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The operating system is very complex, not only in size of the codebase, but also in terms of the responsibilities it has. This complexity makes it difficult to secure an operating system. This complexity attracts attackers.
Attackers are also interested in the OS because a successful hack can give them access to do whatever they want with the machine.
Why do we have an operating system? The OS makes it easier to build and deploy applications. It is hard to work with the physical resources of a machine. The operating system lets you work with virtual resources which are abstractions on top of the physical resources, as shown below. For example, a file is a virtual resource that abstracts the disk.
The operating system has access to all the physical resources so that it can implement these virtual resources. Hackers want this access, so they target the OS.
Because we rely on the operating system's security to protect physical resources, the operating system is referred to as a "Trusted Computing Base".
If you have a file with sensitive information you want to control or monitor attempts to access this resource. The thing that monitors attempts to reference a protected resource is called a reference monitor.
Any application that references/attempts to access a protected resource must be "monitored". Because the Operating System is responsible for accessing all resources it makes sense that the Operating System is the reference monitor as well as the TCB.
There are 3 requirements our TCB must meet in order to be our reference monitor.
The TCB must be tamper proof. This means that untrusted code cannot alter the operation of the TCB (i.e. to do something malicious). There is a special interface called system calls for interacting with the TCB, these calls do not allow untrusted code to modify code, memory, or data from where the TCB lives.
The TCB must have complete mediation meaning it cannot be bypassed.
The TCB must have correctness meaning that there are no vulnerabilities.
We trust the hardware. There have been security issues in hardware before but this is not the focus of the class. Our focus is using secure hardware to run untrusted applications using our TCB (which is typically the OS).
When a request is made for resources the reference monitor must know who/what is requesting the protected resource. This is called authentication. The authenticated user/application is then authorized to access certain resources. Access control is a synonym for authorization.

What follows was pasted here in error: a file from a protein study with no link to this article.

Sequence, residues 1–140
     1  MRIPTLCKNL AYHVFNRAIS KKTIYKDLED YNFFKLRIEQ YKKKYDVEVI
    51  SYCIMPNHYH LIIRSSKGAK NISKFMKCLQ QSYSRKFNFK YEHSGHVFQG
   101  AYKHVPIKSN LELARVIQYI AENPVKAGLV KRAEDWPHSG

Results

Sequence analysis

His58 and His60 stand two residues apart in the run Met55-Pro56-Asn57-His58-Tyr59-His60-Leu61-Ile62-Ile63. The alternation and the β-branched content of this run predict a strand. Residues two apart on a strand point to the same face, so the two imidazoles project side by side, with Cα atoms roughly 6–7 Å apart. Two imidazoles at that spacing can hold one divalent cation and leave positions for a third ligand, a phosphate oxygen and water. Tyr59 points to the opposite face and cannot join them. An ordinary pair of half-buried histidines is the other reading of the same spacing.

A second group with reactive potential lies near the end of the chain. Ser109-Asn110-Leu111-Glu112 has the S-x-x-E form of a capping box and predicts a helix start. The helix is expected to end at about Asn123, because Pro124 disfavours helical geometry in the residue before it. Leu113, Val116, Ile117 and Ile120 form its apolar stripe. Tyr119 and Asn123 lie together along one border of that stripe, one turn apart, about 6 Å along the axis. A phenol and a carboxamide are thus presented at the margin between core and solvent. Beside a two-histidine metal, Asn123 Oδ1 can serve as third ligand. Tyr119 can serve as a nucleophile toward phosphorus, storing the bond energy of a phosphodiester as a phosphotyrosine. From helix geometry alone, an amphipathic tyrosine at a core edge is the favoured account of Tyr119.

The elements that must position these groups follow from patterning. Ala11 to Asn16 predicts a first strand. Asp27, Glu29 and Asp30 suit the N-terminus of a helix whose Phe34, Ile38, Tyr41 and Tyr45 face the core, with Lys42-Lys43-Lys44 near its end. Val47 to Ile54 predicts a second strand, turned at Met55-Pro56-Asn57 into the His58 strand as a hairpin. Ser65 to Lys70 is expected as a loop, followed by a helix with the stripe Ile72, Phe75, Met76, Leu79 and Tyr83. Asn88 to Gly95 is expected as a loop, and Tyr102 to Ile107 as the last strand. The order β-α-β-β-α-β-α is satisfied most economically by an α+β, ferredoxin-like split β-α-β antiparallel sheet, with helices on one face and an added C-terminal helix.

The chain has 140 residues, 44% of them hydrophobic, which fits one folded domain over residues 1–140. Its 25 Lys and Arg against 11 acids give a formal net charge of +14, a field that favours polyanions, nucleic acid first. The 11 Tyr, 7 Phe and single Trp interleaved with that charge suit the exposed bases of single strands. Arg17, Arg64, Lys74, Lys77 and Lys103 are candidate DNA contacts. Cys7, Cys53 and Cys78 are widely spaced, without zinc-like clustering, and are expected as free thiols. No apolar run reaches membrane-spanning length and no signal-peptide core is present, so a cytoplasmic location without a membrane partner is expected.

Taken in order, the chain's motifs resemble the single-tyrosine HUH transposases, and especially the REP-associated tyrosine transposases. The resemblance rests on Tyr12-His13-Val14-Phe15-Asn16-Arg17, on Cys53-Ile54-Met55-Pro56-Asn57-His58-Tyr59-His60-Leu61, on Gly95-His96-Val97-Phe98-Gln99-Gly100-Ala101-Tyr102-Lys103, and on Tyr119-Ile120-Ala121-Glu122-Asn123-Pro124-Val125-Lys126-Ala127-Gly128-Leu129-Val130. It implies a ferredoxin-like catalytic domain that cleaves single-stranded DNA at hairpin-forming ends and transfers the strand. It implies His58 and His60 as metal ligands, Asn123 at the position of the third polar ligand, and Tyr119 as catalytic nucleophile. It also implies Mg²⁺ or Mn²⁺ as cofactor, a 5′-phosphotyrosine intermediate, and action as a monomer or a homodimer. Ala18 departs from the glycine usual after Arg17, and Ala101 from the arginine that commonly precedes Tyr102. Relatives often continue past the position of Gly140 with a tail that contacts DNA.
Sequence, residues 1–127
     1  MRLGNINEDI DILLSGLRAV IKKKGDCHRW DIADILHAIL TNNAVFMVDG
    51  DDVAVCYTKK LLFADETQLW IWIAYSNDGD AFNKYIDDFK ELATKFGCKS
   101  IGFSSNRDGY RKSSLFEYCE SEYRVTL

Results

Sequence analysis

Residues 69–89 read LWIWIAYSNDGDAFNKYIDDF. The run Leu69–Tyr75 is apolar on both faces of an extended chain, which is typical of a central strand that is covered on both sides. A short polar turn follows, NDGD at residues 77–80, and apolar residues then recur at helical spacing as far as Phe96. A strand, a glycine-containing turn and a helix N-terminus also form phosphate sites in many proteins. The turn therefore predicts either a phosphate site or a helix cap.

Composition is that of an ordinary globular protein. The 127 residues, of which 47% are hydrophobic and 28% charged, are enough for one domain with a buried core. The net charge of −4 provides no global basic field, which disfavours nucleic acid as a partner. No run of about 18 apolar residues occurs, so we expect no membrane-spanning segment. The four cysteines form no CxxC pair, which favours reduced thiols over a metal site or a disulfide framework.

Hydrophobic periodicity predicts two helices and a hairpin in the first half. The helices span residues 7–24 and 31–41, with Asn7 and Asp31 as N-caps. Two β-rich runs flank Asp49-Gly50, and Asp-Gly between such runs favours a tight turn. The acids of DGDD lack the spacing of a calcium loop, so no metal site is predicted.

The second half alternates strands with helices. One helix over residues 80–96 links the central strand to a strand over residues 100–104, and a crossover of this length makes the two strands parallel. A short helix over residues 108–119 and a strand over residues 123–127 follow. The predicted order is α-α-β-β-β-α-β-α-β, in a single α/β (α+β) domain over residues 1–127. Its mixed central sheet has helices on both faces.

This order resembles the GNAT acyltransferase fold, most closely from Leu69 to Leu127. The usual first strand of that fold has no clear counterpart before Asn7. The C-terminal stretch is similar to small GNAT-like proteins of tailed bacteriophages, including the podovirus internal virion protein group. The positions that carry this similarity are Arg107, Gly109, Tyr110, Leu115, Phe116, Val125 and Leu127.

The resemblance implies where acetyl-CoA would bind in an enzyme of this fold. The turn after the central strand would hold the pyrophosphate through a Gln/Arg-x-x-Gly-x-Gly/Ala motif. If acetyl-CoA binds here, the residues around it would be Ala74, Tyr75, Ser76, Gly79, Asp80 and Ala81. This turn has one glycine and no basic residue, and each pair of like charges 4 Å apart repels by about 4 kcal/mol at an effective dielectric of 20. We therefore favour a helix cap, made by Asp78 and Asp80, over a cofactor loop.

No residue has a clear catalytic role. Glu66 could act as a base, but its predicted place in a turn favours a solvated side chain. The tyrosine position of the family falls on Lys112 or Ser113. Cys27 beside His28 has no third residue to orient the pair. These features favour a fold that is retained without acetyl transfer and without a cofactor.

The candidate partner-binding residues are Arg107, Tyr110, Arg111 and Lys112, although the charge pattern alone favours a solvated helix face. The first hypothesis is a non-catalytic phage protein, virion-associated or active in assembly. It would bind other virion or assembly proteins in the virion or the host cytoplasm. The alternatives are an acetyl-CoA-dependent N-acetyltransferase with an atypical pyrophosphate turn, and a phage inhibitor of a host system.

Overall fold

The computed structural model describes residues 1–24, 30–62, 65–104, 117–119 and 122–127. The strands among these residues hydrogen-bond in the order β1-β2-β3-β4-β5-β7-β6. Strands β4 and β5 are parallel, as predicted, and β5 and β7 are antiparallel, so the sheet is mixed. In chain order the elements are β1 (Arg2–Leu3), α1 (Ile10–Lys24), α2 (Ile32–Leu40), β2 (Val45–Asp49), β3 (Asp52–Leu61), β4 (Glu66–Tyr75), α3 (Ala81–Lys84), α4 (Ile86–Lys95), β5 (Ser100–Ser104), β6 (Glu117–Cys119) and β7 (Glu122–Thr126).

An early paper on security lists authentication, authorization, and audit as the gold standard of security. These words all start with the letters "au", the symbol for gold on the periodic table.
As discussed earlier, the operating system has access to all resources. If the operating system is compromised the attacker now has access to all resources. This is why security of the operating system is more important than the security of applications.
If the OS is compromised, attackers can -
Most attacks you can think of can be performed via a compromised OS.
Why should we trust the trusted computing base? This question depends on
The requirements for the TCB as a reference monitor were given earlier as
These bullet points address the question of what the TCB does.
How well the TCB does these things can be evaluated by testing, formal verification, or analyzing the structure of the TCB.
Overview of: ACM Turing Award lecture by Ken Thompson, Reflections on Trusting Trust.
You can write a program that can print itself as output. Similarly, the C compiler is written in C. This is possible because the compiler's source code is compiled to a binary using a prior version's binary of the C compiler. So the source code of the 11.0.0 compiler might be compiled into the binary of the 11.0.0 compiler by the 10.12.11 compiler's binary.
If we write malicious source code someone will discover that we are doing bad things. So we write the malicious source code and compile it to a malicious binary, and this malicious binary is capable of compiling safe looking source code into a new malicious binary. This process can be repeated over and over and the bug will never go away even though the source code always appears to be clean.
The key takeaway is that trust doesn't just depend on what the source code looks like, but also depends on if you trust the people making the software. And this can be difficult because there are many pieces of software in something like an OS.
Trusted Computing Systems Evaluation Criteria (TCSEC) was created by the DOD to assist government agency IT departments in evaluating security of software/hardware provided by vendors.
Division B moves from specifying functionality to also specifying the quality of implementation.
The TCSEC didn't catch on in the corporate world because things like verifying security can be costly or infeasible.
The Trust Policy Module (TPM) ensures that you are booting the correct operating system. This is good because it stops you from booting an attacker's software. But what if I want to boot the wrong operating system?
Technology like this is used to lock down a vendor's product and take freedom from the user. This is what creates the desire for "jailbreaking" Apple products.